Gut-level emotions and the presidential vote

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Over the past decade, political scientists have with increasing frequency demonstrated that emotions strongly influence mass political behavior. One shortcoming of this research has been the failure to distinguish between fundamentally different sources of emotional response. In this article, I draw on theories of emotional response developed in social psychology to argue that emotional reactions to presidential candidates are partly rooted in what people know about the political world (cognitively mediated emotion) and partly independent of political cognition (gut-level emotion). Using data from the 1984 and 1988 National Election Studies, I develop instruments of gut-level positivity and negativity and show that these factors strongly influence the presidential vote.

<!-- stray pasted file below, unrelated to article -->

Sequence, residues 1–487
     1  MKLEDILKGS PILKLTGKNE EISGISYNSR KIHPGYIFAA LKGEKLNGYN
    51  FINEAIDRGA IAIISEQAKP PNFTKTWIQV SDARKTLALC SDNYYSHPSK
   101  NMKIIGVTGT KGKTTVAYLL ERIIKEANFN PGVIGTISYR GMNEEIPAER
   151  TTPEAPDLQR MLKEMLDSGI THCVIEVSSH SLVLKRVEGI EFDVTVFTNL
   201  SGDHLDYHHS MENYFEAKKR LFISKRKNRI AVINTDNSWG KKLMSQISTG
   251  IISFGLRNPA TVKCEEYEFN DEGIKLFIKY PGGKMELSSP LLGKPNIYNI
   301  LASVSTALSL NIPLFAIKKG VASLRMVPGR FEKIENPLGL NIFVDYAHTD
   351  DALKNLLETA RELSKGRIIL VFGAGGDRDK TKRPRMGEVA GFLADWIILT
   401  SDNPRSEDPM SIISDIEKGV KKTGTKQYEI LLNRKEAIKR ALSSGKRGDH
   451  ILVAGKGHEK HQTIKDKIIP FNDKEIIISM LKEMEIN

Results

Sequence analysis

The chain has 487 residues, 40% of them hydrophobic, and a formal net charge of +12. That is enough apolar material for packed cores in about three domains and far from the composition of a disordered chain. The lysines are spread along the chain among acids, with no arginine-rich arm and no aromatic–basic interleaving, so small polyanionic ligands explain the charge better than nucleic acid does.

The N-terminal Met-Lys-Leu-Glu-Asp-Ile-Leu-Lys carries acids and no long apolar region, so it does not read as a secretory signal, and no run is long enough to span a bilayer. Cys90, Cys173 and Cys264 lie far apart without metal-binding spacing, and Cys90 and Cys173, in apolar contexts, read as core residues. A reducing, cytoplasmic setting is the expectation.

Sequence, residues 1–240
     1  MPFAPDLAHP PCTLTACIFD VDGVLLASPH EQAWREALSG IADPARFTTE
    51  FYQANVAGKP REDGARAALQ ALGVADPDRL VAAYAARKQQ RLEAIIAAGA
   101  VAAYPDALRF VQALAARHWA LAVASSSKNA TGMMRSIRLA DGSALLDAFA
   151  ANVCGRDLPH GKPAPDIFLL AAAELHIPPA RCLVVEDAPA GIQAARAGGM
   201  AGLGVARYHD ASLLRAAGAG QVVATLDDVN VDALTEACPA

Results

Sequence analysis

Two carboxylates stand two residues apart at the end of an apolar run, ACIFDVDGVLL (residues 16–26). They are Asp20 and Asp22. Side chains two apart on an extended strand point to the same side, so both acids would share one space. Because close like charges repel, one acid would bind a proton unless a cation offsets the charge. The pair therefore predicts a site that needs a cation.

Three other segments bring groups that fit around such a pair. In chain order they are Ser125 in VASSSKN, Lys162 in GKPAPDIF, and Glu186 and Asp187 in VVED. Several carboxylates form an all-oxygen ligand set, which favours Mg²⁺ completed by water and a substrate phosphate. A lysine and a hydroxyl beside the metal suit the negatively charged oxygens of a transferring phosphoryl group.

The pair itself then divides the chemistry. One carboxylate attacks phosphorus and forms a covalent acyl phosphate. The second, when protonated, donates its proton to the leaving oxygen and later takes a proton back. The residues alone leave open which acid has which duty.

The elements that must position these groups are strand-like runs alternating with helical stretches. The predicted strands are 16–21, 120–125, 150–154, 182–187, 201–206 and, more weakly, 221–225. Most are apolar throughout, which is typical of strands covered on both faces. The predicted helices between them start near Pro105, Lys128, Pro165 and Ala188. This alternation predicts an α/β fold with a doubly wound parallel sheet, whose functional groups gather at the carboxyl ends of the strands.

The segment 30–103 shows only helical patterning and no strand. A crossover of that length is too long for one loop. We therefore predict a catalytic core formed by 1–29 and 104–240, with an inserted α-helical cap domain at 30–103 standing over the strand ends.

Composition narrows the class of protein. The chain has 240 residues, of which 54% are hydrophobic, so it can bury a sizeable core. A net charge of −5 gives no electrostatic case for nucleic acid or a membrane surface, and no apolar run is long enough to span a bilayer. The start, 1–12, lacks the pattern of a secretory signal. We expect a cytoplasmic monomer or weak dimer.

Original languageEnglish (US)
Pages (from-to)203-229
Number of pages27
JournalAmerican Politics Research
Issue number2
StatePublished - Apr 1997


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